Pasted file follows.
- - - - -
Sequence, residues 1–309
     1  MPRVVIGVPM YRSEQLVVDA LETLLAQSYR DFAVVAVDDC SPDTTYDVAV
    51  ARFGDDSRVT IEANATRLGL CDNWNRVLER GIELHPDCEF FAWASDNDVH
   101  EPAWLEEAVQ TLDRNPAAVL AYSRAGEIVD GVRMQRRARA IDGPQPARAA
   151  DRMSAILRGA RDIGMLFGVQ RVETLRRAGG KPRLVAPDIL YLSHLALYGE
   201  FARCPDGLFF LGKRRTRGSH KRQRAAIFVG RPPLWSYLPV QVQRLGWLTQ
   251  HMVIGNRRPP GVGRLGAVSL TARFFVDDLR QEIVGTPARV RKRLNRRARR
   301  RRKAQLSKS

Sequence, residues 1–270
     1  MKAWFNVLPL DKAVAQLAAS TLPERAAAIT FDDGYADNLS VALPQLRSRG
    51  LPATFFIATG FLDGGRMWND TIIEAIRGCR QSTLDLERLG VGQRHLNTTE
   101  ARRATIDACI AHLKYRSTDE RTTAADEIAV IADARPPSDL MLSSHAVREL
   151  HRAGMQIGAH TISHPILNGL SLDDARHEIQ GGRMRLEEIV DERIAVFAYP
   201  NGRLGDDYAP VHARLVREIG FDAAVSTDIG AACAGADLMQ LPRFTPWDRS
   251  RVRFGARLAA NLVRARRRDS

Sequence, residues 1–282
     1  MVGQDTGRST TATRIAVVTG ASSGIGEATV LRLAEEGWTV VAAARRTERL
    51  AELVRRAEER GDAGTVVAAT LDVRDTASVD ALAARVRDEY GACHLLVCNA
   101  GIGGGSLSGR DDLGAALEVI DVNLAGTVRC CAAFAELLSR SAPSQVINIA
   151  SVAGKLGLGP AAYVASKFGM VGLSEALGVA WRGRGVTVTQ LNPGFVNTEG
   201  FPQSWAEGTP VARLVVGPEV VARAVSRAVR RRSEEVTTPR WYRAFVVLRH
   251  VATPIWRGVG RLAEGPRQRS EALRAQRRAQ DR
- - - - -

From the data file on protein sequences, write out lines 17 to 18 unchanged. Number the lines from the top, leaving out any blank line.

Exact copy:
     1  MVGQDTGRST TATRIAVVTG ASSGIGEATV LRLAEEGWTV VAAARRTERL
    51  AELVRRAEER GDAGTVVAAT LDVRDTASVD ALAARVRDEY GACHLLVCNA